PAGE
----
Migration in a globalising world is on the increase, especially
migration of the highly skilled. It is quite natural that given certain
possibilities, people look for opportunities and chances to improve
their lives. Especially when the better educated leave their country in
large quantities to try their chances abroad it was labelled in the
1960’s as ‘brain drain’ stressing the negative welfare impact on the
countries of origin (European at that time). However not always is the
impact of migration negative for the country of origin and therefore
‘brain drain’ turned into ‘brain gain’ when it was seen from another
perspective. Indeed destination as well as origin countries may profit
from migrating highly skilled people. The road in the middle is called
‘brain strain’ emphasising that out migration can be either positive or
negative for the origin countries. A synthesis has been found in
perceiving migration of the highly skilled in the more neutral phrase
‘brain circulation’. Brain circulation perceives migration of the highly
skilled not as an end in itself but as the start of a circular process
in which everyone might be better off: in this view the knowledge worker
in the age of globalisation turns into a real cosmopolite.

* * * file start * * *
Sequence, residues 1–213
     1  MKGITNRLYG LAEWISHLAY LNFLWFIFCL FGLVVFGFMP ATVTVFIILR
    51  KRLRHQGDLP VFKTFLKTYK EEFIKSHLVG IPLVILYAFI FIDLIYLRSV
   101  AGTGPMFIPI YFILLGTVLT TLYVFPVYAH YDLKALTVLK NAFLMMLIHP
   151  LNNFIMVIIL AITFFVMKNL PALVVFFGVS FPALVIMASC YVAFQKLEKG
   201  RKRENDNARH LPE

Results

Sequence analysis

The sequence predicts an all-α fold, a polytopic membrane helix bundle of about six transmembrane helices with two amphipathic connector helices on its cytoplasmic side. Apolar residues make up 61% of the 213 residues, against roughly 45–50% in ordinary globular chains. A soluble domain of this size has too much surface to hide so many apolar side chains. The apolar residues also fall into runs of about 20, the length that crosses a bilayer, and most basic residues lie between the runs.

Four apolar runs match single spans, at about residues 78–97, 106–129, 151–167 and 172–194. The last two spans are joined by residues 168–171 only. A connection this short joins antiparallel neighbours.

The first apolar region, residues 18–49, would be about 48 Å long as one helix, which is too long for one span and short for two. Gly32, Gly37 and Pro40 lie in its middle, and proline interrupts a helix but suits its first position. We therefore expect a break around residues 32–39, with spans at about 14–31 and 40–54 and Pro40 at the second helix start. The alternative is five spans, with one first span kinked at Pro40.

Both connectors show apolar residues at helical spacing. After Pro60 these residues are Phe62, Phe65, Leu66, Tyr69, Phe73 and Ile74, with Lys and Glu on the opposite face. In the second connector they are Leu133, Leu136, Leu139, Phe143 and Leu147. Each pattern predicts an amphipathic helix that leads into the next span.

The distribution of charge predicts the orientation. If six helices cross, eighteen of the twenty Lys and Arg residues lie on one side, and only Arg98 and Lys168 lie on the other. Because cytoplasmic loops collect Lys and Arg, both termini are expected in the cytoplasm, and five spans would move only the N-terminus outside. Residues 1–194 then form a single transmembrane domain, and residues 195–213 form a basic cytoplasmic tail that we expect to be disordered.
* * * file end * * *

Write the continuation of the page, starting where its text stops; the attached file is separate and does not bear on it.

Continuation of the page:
Despite an enormous literature on migration it is impossible to draw a systematic global quantitative picture of migration of the highly skilled. Therefore discussions in terms of brain drain, brain strain or brain circulation are either theoretical or end unresolved. Empirically only a part of the picture can be drawn with the help of data on South-North migration of the highly skilled. Data on other directions of migration like South-South and North- South is not systematically covered by the international statistical institutes. Given this situation it is the aim of this paper to include as many as possible countries in the data on migration of the highly skilled in order to illustrate the major effects related to migration for human capital in origin as well as destination regions. This is possible by using UNESCO data on international students; this source facilitates estimations of the missing migration flows. The results show that countries like Russian Federation, South Africa, Ukraine, Malaysia, Jordan and Saudi Arabia are, apart from the traditional immigration countries also important destination countries for highly skilled migrants.
Key words: Migration, Diaspora, Highly skilled migrants, Internationally Mobile Students.
JEL-code: F 22